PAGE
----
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not accuse the honorable member of violat-bate from the consciousness that I should ing the rules of civilized war-I will not find an overmatch if I ventured on a consay that he poisoned his arrows. But test with his friend from Missouri. If, sir, whether his shafts were, or were not, dipped the honorable member, ex gratia modestiæ, in that which would have caused rankling had chosen thus to defer to his friend, and if they had reached, there was not, as it to pay him a compliment, without intenhappened, quite strength enough in the tional disparagement to others, it would bow to bring them to their mark. If he have been quite according to the friendly wishes now to find those shafts, he must courtesies of debate, and not at all ungratelook for them elsewhere; they will not be ful to my own feelings. I am not one of found fixed and quivering in the object at those, sir, who esteem any tribute of regard, which they were aimed.

whether light and occasional, or more seriThe honorable member complained that ous and deliberate, which may be beI had slept on his speech. I must have stowed on others, as so much unjustly withslept on it, or not slept at all. The mo- holden from themselves. But the tone ment the honorable member sat down, his and manner of the gentleman's question, friend from Missouri arose, and, with much forbid me thus to interpret it. I am not at honeyed commendation of the speech, sug- liberty to consider it as nothing more than gested that the impressions which it had a civility to his friend. It had an air of produced were too charming and delight- taunt and disparagement, a little of the ful to be disturbed by other sentiments or loftiness of asserted superiority, which does other sounds, and proposed that the Senate not allow me to pass it over without notice. should adjourn. Would it have been quite It was put as a question for me to answer, amiable in me, sir, to interrupt this excel- and so put as if it were difficult for me to lent good feeling? Must I not have been answer, whether I deemed the member absolutely malicious, if I could have thrust from Missouri an overmatch for myself in myself forward to destroy sensations thus debate here. It seems to me, sir, that is pleasing? Was it not much better and extraordinary language, and an extraordikinder, both to sleep upon them myself, nary tone for the discussions of this body. and to allow others, also, the pleasure of Matches and overmatches? Those sleeping upon them? But if it be meant, terms are more applicable elewhere than by sleeping upon his speech, that I took here, and fitter for other assemblies than time to prepare a reply to it, it is quite a this. Sir, the gentleman seems to forget mistake; owing to other engagements, I where and what we are. This is a Senate; could not employ even the interval be- a Senate of equals; of men of individual tween the adjournment of the Senate and honor and personal character, and of abits meeting the next morning in attention solute independence. We know no masto the subject of this debate. Nevertheless, ters; we acknowledge no dictators. This sir, the mere matter of fact is undoubtedly is a hall of mutual consultation and distrue-I did sleep on the gentleman's speech, cussion, not an arena for the exhibition of and slept soundly. And I slept equally champions. I offer myself, sir, as a match well on his speech of yesterday, to which for no man; throw the challenge of deI am now replying. It is quite possible bate at no man's feet. But, then, sir, that, in this respect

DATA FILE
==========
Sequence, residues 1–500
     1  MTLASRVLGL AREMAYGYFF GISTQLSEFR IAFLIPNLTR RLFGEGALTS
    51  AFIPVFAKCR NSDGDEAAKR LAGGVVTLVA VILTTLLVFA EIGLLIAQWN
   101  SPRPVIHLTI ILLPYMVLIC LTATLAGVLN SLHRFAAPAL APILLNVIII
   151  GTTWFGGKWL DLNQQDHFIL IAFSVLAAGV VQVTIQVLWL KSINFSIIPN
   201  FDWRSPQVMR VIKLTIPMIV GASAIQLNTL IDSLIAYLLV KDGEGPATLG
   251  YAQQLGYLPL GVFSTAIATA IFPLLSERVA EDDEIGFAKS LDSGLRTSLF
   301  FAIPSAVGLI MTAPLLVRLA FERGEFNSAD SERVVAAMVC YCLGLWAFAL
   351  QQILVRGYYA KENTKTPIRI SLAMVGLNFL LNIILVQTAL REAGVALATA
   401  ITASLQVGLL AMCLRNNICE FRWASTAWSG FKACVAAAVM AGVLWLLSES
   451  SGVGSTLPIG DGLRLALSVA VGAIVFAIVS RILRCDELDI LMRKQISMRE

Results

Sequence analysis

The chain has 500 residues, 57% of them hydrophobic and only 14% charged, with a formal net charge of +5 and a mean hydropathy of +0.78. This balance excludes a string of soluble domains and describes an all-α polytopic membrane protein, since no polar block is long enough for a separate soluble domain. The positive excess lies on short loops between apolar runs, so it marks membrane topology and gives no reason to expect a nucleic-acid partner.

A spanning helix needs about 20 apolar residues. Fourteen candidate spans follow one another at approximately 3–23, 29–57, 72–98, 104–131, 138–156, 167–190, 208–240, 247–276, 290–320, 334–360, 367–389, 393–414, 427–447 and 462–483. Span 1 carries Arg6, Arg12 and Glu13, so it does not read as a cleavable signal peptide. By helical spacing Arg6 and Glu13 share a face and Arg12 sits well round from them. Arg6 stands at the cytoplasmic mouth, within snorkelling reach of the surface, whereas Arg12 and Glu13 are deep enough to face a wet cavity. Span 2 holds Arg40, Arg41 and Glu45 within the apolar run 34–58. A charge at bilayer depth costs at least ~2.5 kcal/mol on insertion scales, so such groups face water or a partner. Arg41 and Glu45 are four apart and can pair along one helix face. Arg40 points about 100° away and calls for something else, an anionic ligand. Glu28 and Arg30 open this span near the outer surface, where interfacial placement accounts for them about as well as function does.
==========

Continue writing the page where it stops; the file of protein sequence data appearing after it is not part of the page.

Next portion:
, also, I possess some since the honorable member has put the advantage over the honorable member, at- question in a manner that calls for an tributable, doubtless, to a cooler tempera- answer, I will give him an answer; and I ment on my part; for in truth I slept upon tell him that, holding myself to be the his speeches remarkably well. But the humblest of the members here, I yet know gentleman inquires why he was made the nothing in the arm of his friend from object of such a reply. Why was he Missouri, either alone or when aided by singled out? If an attack had been made the arm of his friend from South Carolina, on the east, he, he assures us, did not be that need deter even me from espousing gin it-it was the gentleman from Missouri. whatever opinions I may choose to esSir, I answered the gentleman's speech, be- pouse, from debating whenever I may cause I happened to hear it; and because, choose to debate, or from speaking whatalso, I choose to give an answer to that ever I may see fit to say on the floor of the speech, which, if unanswered, I thought Senate. Šir, when uttered as matter of most likely to produce injurious impres- commendation or compliment, I should sions. I did not stop to inquire who was dissent from nothing which the honorable the original drawer of the bill. I found a member might say of his friend. Still less responsible endorser before me, and it was do I put forth any pretensions of my own. my purpose to hold him liable, and to But when put to me as a matter of taunt, I bring him to his just responsibility without throw it back, and say to the gentleman delay. But, sir, this interrogatory of the that he could possibly say nothing less honorable member was only introductory likely than such a comparison to wound to another. He proceeded to ask me my pride of personal character. The anwhether I had turned upon him in this de- ger of its tone rescued the remark from